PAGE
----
Adjusting the brightness and contrast can help your image look more natural, when done right. Overdoing it, though, can have the exact opposite effect, so proceed with caution. However, if your image is too dark, adding in a little light to brighten things up can work wonders. The same goes for an image that has too much light. Bumping down the contrast can give you a much more appealing image.

Fly Away
Fly Away

Before photo by Andrés Nieto Porras. After photo by Lenny K Photography

Balance the Color

Color adjustment is another important area to pay attention to. While you can adjust colors in a number of different ways, from changing the overall warmth of an image to individually adjusting the hue of specific colors, one of the fastest, easiest way to adjust the color is using the Saturation slider.

This is found on the basic adjustments panel in Lightroom. On one end of the spectrum, you have a desaturated image – one that’s black and white image. On the other side, you have an overly saturated, unnatural looking image. The key is finding the middle ground where your photo has enough color, without looking over or undersaturated.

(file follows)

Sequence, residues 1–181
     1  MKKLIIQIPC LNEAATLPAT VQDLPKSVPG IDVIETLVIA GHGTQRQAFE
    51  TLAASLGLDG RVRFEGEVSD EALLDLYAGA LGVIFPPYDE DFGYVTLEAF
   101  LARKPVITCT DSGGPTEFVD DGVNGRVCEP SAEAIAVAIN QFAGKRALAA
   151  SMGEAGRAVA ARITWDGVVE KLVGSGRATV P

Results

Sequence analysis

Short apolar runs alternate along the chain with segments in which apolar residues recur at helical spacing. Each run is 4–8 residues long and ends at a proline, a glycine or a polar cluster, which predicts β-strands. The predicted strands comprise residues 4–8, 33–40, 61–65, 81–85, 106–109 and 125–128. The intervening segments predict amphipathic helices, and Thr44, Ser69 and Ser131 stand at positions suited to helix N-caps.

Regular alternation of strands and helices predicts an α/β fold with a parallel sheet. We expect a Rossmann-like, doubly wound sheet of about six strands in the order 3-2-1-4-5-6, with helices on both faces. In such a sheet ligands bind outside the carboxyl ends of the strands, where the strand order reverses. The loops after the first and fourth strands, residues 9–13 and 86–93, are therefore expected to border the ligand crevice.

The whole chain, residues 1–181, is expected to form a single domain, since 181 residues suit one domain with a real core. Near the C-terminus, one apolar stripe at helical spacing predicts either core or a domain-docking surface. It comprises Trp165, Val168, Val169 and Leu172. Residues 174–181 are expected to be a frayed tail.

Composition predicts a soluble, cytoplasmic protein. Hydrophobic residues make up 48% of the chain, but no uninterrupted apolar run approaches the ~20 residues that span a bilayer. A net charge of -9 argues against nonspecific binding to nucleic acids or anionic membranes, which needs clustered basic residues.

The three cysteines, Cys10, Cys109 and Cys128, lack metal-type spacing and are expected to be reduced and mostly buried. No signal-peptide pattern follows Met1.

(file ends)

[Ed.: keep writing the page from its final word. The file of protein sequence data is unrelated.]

Remove Dust Spots

Dust spots or blemishes can appear in almost any photograph. And when you’re traveling and on-the-go, the spots seem to be even more common whether it’s a small speck of dust, dirt, or sand. The good news, though, is that you can easily remove these little imperfections. Using the Spot Removal tool in Lightroom, select either the Heal or Clone options. Then, click and drag the part of the image you’d like to retouch, and use the handle of the sampled area to drag and select a new area. Or, if the spot’s small enough, you could just smudge it out.